We, that is me, my crew and Sudha were fast becoming a minority in chorus of raised voices demanding Ajmera be taken away from the village. She would pollute the young girls of the neighborhood; she was now an evil spirit to have returned from the life of hell. Our reasons and logic failed to impress the cumulative wisdom of near illiterate, unrelenting, over-eager crowd, hell bent on delivering instant justice. They were not willing to listen anything contrary to their belief, their custom, their tradition and religion. But I could not understand how giving shelter and warmth to a troubled child can be contrary to any religion or belief!!

By now almost entire village had gathered and the tamasha was at its peak. It was becoming increasingly difficult for me to communicate to the hoard of unreasonable men, claiming to be defending their morality by attacking the dignity of a defenseless child. Ajmera hugging her old grandmother was witnessing the scene with open horror. The old lady was sobbing uncontrollably, her speech incoherent, her frail hands desperately trying to console her vulnerable child, offering a flimsy shelter in the face of this unreasonable attack.

Their vulnerability compelled me to fight on, but a tap on my shoulder made me halt the debate. Sudha took me away from the crowd, in a now deserted lane. Ajmera’s aunt was standing there, crying helplessly. She held my arms tightly and broke into loud sobs as soon as I reached her. Both I and Sudha tried to calm her down and after much effort, we could finally get her to speak.

She pleaded with us to take Ajmera back. I got angry and was not willing to listen to her. I blamed her of taking side of her unreasonable husband and abandoning a child who was entrusted in her care. This brought on another series of loud sobs. Sudha then told me that the reason the lady wants us to take Ajmera back was quite different. She told me Ajmera will have a fate worse than what she had gone through if we forcefully leave her here. She was already getting lusty advances from the men in the village including her uncle before she was sent off with that thug. And now that she has been already disgraced in their eyes, she will be more vulnerable. She will have no security or dignity. It would be better if we try to get her rehabilitated in one of the homes meant for such children.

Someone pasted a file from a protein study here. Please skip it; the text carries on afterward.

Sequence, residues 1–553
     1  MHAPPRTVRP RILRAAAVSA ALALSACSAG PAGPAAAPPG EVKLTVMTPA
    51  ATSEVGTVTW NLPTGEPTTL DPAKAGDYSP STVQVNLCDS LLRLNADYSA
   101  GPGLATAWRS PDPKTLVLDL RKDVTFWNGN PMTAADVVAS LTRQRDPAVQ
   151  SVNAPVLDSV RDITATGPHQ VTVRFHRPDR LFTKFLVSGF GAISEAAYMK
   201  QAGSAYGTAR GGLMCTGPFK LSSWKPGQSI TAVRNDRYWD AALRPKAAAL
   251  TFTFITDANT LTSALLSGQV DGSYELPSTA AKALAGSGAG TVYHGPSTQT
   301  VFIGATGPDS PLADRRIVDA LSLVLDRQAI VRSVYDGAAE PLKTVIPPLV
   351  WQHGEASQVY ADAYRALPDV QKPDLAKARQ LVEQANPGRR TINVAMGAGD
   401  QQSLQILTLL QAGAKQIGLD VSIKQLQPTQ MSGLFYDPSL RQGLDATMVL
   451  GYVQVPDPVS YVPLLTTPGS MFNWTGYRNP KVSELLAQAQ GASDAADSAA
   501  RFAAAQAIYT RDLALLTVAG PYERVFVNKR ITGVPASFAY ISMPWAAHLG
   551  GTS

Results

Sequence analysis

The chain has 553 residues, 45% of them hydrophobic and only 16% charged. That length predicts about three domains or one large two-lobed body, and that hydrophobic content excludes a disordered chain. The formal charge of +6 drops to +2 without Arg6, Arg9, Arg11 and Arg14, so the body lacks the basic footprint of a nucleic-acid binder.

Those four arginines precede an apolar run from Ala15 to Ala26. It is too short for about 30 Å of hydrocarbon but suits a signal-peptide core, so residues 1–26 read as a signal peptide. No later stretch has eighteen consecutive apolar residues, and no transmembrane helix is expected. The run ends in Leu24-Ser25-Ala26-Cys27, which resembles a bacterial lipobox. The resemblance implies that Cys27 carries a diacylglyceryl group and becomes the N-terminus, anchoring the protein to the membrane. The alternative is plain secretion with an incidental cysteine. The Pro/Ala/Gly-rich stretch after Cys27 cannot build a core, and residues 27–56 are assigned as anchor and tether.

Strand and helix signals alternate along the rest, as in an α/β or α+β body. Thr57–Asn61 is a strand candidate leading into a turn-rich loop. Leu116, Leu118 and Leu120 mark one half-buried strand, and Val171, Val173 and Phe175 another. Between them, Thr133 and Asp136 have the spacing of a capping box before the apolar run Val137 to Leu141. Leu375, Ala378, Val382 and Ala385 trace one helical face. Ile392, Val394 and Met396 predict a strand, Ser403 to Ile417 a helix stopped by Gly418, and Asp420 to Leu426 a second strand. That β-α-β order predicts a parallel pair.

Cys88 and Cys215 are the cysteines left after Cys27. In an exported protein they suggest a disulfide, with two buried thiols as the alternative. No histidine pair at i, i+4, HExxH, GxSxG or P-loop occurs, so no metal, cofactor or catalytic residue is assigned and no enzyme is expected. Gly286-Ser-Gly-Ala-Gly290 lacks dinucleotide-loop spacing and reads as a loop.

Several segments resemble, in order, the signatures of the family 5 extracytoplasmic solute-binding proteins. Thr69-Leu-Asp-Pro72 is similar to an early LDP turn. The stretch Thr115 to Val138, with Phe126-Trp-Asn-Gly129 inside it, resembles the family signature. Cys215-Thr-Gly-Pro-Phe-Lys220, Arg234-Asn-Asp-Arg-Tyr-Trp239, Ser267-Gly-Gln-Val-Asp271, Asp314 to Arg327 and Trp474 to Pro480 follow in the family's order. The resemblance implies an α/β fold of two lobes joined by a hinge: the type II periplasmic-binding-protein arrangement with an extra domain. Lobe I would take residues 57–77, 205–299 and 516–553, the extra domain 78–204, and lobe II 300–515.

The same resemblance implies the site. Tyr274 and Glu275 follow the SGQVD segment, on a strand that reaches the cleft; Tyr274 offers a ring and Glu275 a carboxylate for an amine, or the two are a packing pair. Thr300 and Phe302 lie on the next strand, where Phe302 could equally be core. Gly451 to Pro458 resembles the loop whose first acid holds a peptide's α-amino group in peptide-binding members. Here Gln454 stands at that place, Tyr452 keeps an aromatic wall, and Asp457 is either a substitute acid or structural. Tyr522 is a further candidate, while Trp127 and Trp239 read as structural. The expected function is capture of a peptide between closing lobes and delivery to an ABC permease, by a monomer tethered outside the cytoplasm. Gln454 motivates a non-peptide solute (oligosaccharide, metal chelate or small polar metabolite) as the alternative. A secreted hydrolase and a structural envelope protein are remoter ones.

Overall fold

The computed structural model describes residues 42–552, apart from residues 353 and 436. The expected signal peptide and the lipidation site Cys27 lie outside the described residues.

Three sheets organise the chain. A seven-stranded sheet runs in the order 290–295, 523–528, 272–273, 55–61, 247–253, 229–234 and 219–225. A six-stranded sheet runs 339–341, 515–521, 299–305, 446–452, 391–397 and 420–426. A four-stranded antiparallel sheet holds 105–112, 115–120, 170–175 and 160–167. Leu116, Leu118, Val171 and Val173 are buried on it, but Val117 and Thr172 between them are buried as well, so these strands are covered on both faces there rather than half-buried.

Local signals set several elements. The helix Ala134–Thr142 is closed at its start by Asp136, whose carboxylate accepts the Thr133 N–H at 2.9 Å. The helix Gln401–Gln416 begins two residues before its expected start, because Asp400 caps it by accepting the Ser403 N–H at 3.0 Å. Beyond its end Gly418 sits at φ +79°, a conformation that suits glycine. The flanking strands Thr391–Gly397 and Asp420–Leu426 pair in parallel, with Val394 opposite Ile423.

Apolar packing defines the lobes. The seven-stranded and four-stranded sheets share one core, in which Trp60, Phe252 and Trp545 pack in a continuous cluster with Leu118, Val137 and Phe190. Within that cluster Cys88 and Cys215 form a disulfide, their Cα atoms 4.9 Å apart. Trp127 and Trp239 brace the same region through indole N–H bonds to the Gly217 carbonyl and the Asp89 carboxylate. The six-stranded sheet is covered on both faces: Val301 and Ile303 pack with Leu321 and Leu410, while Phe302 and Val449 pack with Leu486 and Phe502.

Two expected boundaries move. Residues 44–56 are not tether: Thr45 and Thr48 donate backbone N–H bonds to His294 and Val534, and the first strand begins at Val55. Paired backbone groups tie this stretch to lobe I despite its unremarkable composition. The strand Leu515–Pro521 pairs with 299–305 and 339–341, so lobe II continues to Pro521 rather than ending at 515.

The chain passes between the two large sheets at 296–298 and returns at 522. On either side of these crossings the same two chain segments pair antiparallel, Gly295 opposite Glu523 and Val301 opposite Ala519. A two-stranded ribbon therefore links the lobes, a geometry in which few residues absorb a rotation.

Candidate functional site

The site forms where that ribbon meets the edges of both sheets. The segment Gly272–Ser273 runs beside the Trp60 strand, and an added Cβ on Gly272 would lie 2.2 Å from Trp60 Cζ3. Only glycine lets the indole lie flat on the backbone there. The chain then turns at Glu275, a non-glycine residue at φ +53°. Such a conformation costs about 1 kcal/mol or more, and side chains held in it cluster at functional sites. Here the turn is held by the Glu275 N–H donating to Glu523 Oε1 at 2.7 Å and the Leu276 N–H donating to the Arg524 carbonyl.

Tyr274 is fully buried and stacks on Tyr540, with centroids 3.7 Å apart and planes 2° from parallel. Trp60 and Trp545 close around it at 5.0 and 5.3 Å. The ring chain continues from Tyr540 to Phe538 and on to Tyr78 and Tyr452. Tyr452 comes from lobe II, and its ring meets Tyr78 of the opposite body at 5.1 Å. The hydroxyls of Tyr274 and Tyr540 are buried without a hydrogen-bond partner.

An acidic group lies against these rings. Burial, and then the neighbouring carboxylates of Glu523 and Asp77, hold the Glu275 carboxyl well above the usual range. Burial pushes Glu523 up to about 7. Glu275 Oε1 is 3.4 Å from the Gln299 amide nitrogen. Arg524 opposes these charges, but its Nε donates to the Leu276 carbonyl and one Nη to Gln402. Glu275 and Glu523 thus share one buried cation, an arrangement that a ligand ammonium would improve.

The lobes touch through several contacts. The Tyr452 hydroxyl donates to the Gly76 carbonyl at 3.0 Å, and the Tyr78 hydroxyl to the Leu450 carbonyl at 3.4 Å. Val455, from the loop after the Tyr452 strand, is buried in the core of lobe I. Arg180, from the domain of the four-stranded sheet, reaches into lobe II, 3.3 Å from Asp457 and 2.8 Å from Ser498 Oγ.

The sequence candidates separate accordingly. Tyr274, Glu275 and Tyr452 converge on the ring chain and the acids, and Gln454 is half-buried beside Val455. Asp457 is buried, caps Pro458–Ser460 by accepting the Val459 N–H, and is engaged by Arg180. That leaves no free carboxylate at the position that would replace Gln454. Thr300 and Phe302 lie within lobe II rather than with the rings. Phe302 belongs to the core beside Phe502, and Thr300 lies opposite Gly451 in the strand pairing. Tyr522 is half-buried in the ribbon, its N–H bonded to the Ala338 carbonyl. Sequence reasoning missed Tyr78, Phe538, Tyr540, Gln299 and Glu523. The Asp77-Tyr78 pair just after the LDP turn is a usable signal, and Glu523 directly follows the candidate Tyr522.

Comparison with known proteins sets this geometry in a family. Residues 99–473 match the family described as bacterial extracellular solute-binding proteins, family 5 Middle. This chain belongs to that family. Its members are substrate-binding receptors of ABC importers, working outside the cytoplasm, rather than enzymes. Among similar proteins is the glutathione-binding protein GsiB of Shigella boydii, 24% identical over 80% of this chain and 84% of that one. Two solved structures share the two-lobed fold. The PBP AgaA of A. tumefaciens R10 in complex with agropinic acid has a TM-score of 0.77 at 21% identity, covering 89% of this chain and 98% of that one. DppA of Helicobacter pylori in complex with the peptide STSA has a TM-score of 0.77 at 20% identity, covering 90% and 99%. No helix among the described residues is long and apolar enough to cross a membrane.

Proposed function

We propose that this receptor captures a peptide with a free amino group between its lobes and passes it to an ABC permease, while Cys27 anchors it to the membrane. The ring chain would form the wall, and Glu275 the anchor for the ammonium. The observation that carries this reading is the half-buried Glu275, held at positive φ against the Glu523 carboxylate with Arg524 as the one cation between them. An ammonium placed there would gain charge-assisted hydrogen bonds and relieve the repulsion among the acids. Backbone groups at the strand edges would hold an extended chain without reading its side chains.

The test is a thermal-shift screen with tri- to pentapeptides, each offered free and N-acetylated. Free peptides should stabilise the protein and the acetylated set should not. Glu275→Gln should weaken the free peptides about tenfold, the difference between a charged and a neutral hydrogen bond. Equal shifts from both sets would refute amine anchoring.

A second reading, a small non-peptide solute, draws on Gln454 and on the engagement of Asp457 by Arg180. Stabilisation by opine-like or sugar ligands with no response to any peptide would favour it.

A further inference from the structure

But does she not have a right to her own home? Why does she need to be disgraced and humiliated by her own people? Why would she be penalized for the crime of someone else? In this case are not her father and uncle responsible for the injustice meted out to her? Why should they be allowed to go scott free while this poor child faces the misery?

These questions kept bothering me all the while on our journey back. Ajmera had gone back to her shell once again. Her face was blank once more; a stony silence engulfed her, stare fixed on the fast moving scenery outside. She calmly accepted her fate. She had not said a word since we told her we were taking her back with us. Sudha filled her with enthusiastic details on the home she would be put up in. But once again, we failed to break in on her reserve. She showed no enthusiasm for her new life, nor was she complaining of deception she just had at the hands of her own people. Silence once again was her language that I am sure, not many would be able to decipher.

I still made the news story, trying to explain the trauma of the young girl, hoping to expose the hypocrisy in our society. The story got aired. Once. Twice. Through out the day in fact. And then it was forgotten. I do not know if any viewer got to feel the pain Ajmera went through. I do not know if anyone noticed this sorry tale at all in the crowd of glitzy news items. But in my mind, Ajmera still lives. She might have found a shelter in a rehabilitation home, but the fact that we backed out and allowed a group of foul speaking men to run rough shod on her rights still bothers me. And I know Ajmera is not the only one, we fail thousands of young girls everyday. We allow their rights to be undermined in trade of some short term relief. But for how long? How long Ajmera will live under some borrowed shelter? When will she go home?

Nidhi Mahesh
April 10, 2007


Stories by this Author :
* A Sentational Story
* Lost and Found
* Ajmera
* Gobindo
* Mirage
* Mithun's Mother
* Resilience
* Defending the Indefensible…